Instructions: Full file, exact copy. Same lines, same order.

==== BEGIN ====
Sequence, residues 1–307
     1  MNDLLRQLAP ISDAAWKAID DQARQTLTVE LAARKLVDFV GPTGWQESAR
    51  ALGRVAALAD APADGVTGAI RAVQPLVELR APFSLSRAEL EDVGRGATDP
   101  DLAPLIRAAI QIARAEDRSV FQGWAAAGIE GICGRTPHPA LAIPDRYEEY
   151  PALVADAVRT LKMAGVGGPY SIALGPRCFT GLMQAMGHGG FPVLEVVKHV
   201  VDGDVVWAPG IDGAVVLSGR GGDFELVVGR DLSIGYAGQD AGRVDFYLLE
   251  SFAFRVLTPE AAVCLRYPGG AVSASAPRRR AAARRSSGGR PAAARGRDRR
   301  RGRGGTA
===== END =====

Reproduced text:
Sequence, residues 1–307
     1  MNDLLRQLAP ISDAAWKAID DQARQTLTVE LAARKLVDFV GPTGWQESAR
    51  ALGRVAALAD APADGVTGAI RAVQPLVELR APFSLSRAEL EDVGRGATDP
   101  DLAPLIRAAI QIARAEDRSV FQGWAAAGIE GICGRTPHPA LAIPDRYEEY
   151  PALVADAVRT LKMAGVGGPY SIALGPRCFT GLMQAMGHGG FPVLEVVKHV
   201  VDGDVVWAPG IDGAVVLSGR GGDFELVVGR DLSIGYAGQD AGRVDFYLLE
   251  SFAFRVLTPE AAVCLRYPGG AVSASAPRRR AAARRSSGGR PAAARGRDRR
   301  RGRGGTA